Zamboanga isn't that far away-A A +A
The Point Being
Friday, September 13, 2013
GROWING up in the 70s, one of the folksongs I learned was the one titled “Don’t You Go to Far Zamboanga”, possibly a translation of the Chavacano song “No Te Vayas de Zamboanga” by Juan Cuadrado Sr.
The first stanza, sung by a female singer went “Don't you go, oh don't you go/To far Zamboanga/Where you may forget your darling far away/Don't you go, oh don't you go/For if you leave me/How can I without you stay?” At which point the male singer replied with “Oh weep not, my dear paloma/Oh weep not, for I'll return/Oh weep not, my little darling/I shall remember and I shall yearn.”
During those Martial Law years, it made sense not to go to Zamboanga City and the rest of the peninsula that by then was reeling from militarization, former President Marcos’s response to the armed challenge posed by the Moro National Liberation Front (MNLF).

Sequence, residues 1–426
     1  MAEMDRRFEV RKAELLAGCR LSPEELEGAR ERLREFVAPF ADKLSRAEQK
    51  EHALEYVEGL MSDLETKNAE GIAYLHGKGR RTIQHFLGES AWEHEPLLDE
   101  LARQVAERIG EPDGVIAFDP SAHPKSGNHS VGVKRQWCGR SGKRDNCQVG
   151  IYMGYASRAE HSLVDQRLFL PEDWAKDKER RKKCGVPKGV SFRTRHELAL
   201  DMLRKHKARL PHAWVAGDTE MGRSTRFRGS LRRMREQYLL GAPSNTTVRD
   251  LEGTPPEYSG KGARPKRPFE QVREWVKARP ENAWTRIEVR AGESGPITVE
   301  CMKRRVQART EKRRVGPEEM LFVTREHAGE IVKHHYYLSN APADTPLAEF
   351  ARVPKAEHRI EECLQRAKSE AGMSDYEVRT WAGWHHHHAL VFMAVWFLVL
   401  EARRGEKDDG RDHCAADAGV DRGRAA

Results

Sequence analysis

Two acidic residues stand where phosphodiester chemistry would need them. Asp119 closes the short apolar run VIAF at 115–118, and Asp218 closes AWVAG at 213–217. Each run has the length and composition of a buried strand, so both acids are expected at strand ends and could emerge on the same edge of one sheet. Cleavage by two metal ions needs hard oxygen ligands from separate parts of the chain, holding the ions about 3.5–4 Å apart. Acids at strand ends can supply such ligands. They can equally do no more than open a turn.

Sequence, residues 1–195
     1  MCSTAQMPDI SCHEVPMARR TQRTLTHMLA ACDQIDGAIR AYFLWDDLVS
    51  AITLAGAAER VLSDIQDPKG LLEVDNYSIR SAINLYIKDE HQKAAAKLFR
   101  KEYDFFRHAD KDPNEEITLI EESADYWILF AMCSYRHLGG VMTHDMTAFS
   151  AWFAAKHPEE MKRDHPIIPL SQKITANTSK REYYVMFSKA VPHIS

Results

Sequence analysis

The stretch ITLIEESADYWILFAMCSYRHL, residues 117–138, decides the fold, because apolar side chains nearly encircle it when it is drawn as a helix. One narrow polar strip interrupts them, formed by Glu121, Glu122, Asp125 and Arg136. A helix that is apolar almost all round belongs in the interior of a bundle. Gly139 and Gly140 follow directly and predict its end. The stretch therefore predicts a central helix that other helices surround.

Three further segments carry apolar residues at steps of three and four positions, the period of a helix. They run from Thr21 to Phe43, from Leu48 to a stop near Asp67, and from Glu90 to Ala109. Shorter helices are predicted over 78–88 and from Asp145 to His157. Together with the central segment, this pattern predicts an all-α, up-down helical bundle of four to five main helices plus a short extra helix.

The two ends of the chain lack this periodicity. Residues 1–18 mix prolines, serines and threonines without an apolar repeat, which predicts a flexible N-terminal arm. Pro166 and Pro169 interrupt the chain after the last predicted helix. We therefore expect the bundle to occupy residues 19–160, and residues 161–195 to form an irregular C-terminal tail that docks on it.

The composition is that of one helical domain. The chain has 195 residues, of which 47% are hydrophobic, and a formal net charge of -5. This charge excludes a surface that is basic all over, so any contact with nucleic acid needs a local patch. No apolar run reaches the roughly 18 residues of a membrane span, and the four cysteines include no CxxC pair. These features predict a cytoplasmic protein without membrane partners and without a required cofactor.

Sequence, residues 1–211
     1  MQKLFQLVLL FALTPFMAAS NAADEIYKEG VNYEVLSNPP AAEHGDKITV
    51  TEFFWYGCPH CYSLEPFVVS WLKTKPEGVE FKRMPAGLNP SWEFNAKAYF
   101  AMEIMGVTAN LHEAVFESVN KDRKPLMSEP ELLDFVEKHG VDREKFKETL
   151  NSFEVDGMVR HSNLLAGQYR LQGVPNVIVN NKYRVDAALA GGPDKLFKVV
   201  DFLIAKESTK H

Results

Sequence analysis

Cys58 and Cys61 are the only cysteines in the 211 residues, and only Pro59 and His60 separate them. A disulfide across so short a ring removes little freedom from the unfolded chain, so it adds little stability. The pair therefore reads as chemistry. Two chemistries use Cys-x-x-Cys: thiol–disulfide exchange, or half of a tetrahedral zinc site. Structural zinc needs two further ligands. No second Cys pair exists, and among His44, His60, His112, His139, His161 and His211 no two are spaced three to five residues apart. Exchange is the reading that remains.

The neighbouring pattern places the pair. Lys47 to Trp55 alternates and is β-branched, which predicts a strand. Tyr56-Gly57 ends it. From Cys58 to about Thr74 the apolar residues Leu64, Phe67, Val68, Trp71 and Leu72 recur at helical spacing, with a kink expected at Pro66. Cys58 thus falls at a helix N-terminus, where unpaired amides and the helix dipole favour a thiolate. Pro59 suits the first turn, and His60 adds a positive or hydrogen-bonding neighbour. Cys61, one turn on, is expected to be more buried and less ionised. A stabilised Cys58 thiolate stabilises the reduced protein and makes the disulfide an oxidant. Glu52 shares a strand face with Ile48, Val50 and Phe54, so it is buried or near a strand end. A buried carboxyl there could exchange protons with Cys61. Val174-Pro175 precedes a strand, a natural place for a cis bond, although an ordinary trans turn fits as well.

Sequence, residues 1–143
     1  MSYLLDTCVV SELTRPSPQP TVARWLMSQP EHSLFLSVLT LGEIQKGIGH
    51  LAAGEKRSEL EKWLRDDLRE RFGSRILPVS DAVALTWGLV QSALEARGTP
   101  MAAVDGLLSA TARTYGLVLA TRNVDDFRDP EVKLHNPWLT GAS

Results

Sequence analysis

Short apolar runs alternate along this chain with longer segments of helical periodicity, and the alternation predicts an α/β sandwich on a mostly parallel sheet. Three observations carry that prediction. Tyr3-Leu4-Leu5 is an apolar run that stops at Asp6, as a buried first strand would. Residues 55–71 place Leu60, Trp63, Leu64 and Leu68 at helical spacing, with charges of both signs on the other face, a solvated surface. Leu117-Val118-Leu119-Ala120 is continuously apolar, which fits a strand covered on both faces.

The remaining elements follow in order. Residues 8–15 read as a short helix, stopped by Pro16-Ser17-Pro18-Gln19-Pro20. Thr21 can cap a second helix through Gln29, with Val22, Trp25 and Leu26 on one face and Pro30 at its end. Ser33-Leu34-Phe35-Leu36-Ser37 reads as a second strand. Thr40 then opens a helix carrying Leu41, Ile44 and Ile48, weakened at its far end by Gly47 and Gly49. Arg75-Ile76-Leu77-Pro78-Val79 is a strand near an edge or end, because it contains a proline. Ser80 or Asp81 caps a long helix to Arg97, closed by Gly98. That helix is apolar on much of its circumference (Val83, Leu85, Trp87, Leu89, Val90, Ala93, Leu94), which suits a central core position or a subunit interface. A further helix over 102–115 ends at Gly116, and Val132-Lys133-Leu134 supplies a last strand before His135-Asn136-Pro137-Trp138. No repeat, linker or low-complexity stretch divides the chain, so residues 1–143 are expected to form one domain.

Strategic even during the pre-colonial days, Zamboanga was the main entry point of people coming from Basilan, Sulu, Tawi-Tawi, and even Palawan and the territories in Borneo shared by Malaysia, Brunei and Indonesia. Perhaps this was to be expected given that its original “Samboangan” meant "docking point" and was supposedly derived from the term “sabuan”, a wooden pole for propelling watercrafts.
Fast-forward to forty years later, the travel advisories of a number of countries echoed the call to not go to Zamboanga and other places in Western and Central Mindanao.
The most recent of Zamboanga’s travails being the events in mid-September 2013 that saw battle between a segment of MNLF forces and the Philippine military right in the City. Armed MNLF allegedly led by Ustadz Habier Malik and others had entrenched themselves in seven coastal barangays of the City and have been engaged in combat with the military.
The City got paralyzed for nearly five days with around 13,000 citizens fleeing to evacuation centers and the rest staying in-doors. An estimated twelve people had reportedly been killed. Among the photographs that circulated in social media networks was of a young girl, a gun held to her side by one of the invading forces, obviously a hostage and along with others used as a human shield. The look of fear and distress on this young civilian’s face would have been cause enough to weep.